Jayne Kamin-Oncea-US PRESSWIRE

Mitch Kupchak Remains the Best GM In The Game


Let’s not even debate this one. Even a lifelong Laker fan such as myself that routinely degraded Mitch Kupchak once he replaced Jerry West has no problem eating his own venomous words.

Kupchak is the best general manager in the NBA. No doubt about it.

Should the Dwight Howard deal net another title or three for L.A. this conversation will be even more one-sided. Building yet another dynasty on the fly would put Kupchak into the rare air of front office talent. He’d stand alone in the hoops world and would be on par if not above anyone in any other sport.

How Kupchak acquired Pau Gasol for Kwame Brown is one of the great miracles of our time. How he got Howard out of Orlando without parting ways with Gasol is almost equally amazing.

Again, for all my cynicism during the last two years of lackluster Laker hoops (by Laker standards mine you) I’m happy to have been proven wrong. Of course Kupchak could have saved himself the bad ink had he not tried to sell us on the Howard-less Lakers being contenders. That was more laughable than Hasheem Thabeet going second overall.

What is no laughing matter is Kupchak’s shrewd acumen when it comes to orchestrating blockbuster trades. If you include the Chris Paul debacle we’re talking three major moves in a year of which any one would be a crowning achievement for most general managers.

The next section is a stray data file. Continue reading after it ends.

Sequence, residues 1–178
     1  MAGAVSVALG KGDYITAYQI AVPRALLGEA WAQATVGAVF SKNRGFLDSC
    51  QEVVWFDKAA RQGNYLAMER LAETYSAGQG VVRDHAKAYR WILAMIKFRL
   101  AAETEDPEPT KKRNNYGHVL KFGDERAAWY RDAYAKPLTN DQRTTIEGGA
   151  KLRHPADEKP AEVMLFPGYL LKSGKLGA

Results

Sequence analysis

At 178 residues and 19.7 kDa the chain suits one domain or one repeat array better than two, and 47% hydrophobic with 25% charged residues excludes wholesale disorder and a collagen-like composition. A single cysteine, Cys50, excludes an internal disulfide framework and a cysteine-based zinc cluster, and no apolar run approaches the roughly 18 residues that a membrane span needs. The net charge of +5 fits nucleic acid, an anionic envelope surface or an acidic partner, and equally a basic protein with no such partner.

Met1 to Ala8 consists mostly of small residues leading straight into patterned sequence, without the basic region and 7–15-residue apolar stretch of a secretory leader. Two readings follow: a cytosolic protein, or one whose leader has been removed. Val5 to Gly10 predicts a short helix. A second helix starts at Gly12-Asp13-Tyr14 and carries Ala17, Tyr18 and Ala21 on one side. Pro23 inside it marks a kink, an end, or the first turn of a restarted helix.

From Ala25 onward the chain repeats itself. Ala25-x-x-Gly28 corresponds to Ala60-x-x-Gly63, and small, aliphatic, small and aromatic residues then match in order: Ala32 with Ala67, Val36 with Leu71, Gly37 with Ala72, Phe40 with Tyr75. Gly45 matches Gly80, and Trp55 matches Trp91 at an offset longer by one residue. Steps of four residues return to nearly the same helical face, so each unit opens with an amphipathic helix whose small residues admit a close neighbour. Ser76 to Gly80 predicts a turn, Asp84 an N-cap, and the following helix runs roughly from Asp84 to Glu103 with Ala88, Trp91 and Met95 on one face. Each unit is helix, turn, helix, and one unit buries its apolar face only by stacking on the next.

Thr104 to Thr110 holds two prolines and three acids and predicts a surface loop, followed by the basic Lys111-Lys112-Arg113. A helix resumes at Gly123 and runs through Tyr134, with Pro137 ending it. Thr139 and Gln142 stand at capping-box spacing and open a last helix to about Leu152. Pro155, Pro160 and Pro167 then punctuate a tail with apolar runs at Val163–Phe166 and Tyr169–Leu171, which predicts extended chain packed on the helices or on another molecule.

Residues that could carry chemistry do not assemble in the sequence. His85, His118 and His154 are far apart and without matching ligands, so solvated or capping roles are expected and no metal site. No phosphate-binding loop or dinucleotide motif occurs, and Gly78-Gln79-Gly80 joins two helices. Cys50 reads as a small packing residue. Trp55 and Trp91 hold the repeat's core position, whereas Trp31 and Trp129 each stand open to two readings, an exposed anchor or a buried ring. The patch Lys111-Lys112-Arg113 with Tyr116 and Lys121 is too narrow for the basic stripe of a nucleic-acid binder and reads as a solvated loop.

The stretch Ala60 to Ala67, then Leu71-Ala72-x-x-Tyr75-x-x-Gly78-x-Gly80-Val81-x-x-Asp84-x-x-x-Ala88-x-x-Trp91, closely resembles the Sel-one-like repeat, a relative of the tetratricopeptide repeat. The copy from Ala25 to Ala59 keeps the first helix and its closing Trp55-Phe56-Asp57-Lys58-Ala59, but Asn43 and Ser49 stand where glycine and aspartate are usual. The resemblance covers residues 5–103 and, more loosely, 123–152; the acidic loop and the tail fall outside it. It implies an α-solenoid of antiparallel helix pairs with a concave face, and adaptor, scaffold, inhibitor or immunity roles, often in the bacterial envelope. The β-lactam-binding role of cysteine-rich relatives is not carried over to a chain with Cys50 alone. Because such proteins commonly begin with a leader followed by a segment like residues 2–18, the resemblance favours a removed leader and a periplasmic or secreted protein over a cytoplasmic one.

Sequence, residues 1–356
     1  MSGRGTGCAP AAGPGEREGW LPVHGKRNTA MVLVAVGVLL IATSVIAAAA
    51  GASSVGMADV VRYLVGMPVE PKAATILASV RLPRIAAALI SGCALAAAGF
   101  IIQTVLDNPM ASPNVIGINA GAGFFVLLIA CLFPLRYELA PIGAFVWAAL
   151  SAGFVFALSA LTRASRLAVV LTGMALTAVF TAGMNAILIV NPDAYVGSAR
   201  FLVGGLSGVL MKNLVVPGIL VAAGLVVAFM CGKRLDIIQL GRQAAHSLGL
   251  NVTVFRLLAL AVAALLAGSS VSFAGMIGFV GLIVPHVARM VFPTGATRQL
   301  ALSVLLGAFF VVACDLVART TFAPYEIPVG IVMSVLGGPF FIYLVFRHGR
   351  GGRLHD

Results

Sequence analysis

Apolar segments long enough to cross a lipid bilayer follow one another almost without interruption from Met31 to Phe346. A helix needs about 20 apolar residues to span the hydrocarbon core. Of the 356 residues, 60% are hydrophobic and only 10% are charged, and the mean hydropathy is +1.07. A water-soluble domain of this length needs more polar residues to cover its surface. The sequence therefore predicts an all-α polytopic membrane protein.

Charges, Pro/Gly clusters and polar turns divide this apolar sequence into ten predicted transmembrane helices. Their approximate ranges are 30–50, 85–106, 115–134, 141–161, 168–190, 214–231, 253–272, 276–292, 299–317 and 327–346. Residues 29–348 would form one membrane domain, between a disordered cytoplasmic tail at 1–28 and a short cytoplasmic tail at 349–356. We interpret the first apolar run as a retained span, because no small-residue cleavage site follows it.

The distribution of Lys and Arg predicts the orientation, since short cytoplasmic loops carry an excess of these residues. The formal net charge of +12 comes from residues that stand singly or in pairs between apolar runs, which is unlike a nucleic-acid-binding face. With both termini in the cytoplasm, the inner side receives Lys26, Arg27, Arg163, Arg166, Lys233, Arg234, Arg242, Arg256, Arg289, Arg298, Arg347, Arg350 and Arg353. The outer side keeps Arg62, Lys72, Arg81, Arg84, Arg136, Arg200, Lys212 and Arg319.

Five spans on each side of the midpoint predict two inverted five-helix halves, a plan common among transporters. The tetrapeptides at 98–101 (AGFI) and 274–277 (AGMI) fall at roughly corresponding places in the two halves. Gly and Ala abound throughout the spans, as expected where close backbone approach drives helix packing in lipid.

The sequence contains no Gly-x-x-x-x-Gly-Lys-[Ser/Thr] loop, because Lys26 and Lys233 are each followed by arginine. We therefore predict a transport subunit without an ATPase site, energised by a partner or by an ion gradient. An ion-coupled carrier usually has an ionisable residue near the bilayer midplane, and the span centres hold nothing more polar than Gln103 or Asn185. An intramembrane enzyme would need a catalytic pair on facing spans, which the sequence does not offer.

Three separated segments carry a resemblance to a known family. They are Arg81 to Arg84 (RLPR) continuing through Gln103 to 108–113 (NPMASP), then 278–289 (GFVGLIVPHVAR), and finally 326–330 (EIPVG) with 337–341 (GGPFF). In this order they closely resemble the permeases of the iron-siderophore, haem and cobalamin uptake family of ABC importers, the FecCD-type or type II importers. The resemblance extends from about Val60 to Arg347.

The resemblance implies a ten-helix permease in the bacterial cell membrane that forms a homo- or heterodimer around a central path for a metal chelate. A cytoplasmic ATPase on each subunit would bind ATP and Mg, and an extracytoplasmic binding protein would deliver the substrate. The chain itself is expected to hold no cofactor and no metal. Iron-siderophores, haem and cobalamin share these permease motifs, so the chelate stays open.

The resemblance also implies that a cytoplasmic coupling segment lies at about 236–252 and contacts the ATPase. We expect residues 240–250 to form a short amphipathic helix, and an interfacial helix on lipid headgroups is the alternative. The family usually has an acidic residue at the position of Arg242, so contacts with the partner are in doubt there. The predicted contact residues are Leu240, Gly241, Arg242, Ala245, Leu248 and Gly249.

You can miss me with what the Miami Heat accomplished. It’s not like it took a lot of arm twisting to convince LeBron James and Chris Bosh to head to South Beach. OKC has done a great job of drafting and developing talent but there’s still no banner hanging as a testament to their front office. About the only other franchise that can contend with Kupchak and the Lakers is San Antonio.

Otherwise the battle for best GM in the NBA is a first round knockout with Kupchak’s arm raised as the winner. Again, we can debate this but should another dynasty arise then we’ll be talking about Kupchak in the G.O.A.T. category for general managers which puts to rest any argument.

Tags: Mitch Kupchak